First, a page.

What is an Orca?
Orca whales, which are members of the oceanic dolphin family, are black and toothless. Orcas are thought to have three to five subspecies or species. The following are the primary three.
3 Types of Orcas
There are 3 types of orca species in existence.
Transient orcas are smaller, feed on marine mammals, and travel in smaller groups than offshore orcas. Orcas that live near the coast include transient orcas, who may be seen in Alaska and California.
The orca is a large mammal that has been known since ancient times. It’s often referred to as the “killer whale” owing to its aggressiveness and propensity for attacking humans, but it’s also been dubbed the “killer whale” due in part to its size. The orca is a relative of the killer whale (Orcinus or
the offshore population of orcas lives in the Pacific northeast and was identified in the late 1980s. They are differentiated due to their large scarred dorsal fins and encouraged along Vancouver Island.
Orcas are renowned for their massive dorsal fin and black and white hues. They have a saddle, which is a grey area behind the dorsal fin. Their bodies taper down as they swim through water swiftly like great white sharks, similar to other fish in their family (dogfish).
Despite their reputation as “killers,” orcas are not a danger to humans. There has never been a successful attack on a human being. Some individuals, nevertheless, remain afraid of these sea animals.
Orcas are among the most widely distributed marine mammals, with a wider range than any other mammal. They may dwell in coastal regions surrounding many nations and can survive in any type of climate. They may be found around the equator as well as in polar seas.
The most plentiful of whales, according to experts, exist around the Norwegian shoreline, the Aleutian Islands, the Gulf of Alaska, and off Antarctica’s coast. Other well-known locations where the whales can be seen include British Columbia in Canada, Washington, Oregon, Iceland, and the Faroe Islands.
Orcas have a varied diet. Some orcas only eat fish, while others hunt, which is where their name derives from. They prey on other dolphins as well as seals. Orcas have been observed attacking larger whales, such as baleen whales..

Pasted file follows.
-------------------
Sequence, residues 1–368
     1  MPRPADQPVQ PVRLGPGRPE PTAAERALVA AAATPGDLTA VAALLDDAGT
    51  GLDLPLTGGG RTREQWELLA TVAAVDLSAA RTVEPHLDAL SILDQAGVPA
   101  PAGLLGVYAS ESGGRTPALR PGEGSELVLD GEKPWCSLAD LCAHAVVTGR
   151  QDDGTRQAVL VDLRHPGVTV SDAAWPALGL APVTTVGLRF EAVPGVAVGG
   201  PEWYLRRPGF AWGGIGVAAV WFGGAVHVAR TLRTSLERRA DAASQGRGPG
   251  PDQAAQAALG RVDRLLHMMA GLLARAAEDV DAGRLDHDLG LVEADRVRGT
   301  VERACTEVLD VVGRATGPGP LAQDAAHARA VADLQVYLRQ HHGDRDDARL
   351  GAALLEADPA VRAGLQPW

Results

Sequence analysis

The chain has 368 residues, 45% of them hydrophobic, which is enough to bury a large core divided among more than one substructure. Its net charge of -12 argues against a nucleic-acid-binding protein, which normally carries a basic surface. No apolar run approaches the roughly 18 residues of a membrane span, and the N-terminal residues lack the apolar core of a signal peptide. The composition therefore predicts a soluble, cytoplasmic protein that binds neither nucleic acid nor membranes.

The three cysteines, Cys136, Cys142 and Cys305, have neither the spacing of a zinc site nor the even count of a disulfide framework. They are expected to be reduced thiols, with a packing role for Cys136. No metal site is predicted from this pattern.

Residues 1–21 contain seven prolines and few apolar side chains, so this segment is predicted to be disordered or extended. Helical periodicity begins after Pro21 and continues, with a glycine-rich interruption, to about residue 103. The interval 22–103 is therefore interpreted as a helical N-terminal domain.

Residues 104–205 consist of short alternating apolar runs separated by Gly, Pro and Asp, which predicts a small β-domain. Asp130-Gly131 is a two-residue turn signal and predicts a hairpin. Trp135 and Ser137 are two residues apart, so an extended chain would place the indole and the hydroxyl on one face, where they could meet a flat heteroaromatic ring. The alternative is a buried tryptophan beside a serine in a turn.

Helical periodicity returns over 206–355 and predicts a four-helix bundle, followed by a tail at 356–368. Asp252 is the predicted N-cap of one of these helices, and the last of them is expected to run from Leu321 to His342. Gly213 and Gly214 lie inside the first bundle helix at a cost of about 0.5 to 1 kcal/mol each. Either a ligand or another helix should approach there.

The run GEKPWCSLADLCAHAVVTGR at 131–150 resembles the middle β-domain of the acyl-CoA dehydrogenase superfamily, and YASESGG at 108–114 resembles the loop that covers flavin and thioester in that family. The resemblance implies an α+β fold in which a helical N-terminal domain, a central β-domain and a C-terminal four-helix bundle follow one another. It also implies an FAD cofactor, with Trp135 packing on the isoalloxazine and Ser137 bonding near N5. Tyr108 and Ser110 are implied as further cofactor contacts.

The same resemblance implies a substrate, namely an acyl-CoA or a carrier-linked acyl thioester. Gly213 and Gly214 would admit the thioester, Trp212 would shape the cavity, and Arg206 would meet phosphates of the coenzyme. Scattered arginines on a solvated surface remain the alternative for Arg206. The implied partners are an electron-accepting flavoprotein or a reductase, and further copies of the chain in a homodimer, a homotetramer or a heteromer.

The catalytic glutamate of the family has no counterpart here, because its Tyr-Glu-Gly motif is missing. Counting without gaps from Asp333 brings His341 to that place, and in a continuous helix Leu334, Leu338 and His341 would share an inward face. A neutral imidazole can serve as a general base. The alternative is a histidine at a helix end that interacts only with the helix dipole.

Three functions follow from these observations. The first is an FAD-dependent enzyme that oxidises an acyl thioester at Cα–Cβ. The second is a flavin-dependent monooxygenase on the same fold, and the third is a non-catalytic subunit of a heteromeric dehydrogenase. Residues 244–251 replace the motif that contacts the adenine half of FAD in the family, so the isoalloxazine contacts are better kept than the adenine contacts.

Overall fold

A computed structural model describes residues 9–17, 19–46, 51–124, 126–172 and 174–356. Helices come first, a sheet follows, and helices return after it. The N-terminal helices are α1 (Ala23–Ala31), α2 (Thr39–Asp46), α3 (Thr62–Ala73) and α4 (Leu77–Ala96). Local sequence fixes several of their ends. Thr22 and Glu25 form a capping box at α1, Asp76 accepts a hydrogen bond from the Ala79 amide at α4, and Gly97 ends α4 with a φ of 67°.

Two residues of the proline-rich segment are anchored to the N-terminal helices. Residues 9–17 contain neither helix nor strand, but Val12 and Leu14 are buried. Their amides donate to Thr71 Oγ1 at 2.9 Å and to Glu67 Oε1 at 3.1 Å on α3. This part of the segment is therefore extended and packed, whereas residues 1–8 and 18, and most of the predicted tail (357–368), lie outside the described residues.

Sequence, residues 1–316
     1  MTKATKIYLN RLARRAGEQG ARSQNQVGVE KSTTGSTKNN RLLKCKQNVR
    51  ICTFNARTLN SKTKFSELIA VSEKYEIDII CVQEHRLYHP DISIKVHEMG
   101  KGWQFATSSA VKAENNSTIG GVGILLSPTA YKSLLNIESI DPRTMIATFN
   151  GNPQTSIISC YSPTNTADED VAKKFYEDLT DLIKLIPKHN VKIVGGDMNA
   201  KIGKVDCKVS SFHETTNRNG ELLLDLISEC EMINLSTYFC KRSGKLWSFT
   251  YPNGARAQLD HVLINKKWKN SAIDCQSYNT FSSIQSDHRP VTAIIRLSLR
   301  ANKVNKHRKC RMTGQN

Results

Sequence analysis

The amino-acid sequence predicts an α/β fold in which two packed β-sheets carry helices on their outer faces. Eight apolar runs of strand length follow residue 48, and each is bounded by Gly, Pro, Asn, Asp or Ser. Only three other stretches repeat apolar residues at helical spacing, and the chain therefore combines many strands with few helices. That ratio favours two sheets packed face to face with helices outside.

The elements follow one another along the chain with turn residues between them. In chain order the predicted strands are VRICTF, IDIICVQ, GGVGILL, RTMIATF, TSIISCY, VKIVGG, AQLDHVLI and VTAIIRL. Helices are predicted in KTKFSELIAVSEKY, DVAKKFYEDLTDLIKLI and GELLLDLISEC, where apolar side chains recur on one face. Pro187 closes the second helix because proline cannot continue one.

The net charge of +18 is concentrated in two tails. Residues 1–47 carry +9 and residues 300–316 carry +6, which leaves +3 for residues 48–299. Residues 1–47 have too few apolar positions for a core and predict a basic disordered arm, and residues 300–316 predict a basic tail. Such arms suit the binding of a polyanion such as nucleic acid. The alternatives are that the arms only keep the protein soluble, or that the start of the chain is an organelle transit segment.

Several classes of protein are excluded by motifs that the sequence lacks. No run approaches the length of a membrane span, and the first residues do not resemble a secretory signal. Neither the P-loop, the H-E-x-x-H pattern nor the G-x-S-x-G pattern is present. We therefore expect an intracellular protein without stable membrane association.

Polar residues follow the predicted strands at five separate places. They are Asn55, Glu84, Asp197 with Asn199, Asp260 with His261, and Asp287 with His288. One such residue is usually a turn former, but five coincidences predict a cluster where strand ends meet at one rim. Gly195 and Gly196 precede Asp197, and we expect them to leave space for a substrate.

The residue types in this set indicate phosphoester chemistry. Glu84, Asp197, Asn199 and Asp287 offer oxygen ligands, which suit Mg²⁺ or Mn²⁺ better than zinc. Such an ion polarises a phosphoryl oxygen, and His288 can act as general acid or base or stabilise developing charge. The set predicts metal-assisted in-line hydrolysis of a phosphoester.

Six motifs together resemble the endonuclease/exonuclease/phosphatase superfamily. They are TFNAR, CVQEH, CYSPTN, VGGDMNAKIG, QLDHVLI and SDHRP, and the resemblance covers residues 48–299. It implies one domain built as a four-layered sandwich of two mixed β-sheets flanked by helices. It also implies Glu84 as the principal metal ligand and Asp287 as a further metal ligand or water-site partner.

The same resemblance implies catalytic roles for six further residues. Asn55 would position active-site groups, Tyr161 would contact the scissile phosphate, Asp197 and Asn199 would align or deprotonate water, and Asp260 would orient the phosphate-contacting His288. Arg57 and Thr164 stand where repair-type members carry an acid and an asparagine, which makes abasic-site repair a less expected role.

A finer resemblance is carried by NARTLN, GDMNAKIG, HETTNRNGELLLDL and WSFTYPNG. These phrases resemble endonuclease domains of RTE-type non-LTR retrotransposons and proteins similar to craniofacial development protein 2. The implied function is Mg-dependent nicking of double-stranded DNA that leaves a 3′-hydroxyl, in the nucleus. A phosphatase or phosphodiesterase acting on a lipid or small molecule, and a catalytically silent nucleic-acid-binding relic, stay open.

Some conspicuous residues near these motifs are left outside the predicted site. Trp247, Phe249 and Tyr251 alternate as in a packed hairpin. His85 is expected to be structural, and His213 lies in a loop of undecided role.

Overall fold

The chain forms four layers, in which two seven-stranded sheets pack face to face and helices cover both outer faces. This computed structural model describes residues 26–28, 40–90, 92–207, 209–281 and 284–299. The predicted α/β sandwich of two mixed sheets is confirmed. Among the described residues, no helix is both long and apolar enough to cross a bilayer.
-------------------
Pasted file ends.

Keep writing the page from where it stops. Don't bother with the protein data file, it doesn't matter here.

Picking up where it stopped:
Orcas may be seen beaching on land to capture seals. This means they leap out of the water, fall onto ice or sand, grab their prey, and drag it back into the ocean.
Every three to ten years, a female orca gives birth to one kid. This period of slow development is partly responsible for the orca’s population decline.
Orcas are born with a grayish tint. The calf nurses for several times an hour for days until it is weaned, which takes approximately seventeen months. Female orcas age at around ten years old and reach puberty at about twenty years old.
Menopause occurs in orcas only, and they can live well past the age when they are no longer able to reproduce. Another fascinating fact is that males reach reproductive maturity at the age of fifteen but don’t reproduce for another five years. They have a shorter lifespan than female orcas, living 30-60 years versus 50-100 years.
Threats to Orcas and Great White Sharks
Killer whales and great white sharks, like all marine animals, are at risk from industrial fishing, nets, pollution, chemical spills, sound pollution, and climate change. The killer whale and the great white shark are among the big creatures at a high trophic level who are threatened by ocean pollutants.
Orcas are more sensitive to one specific poison, polychlorinated biphenyls, than other cetaceans (baleen whales and toothed whales). It may accumulate in the blubber of orcas, which is hazardous in particular when food is limited and the whale burns its blubber for energy.
The great white shark has been hunted for hundreds of years and continues to be targeted despite the fact that it is now classified as a “vulnerable species by the International Union for Conservation of Nature (IUCN). This is due, in part, to outdated hunting methods and, in part, to a long-held perception of the creature as a killer.
In certain cases, sharks become trapped in fishing nets intended to protect beaches. The Marine Mammal Protection Act ensured, in1972, the protection of great white sharks, especially on the US coast.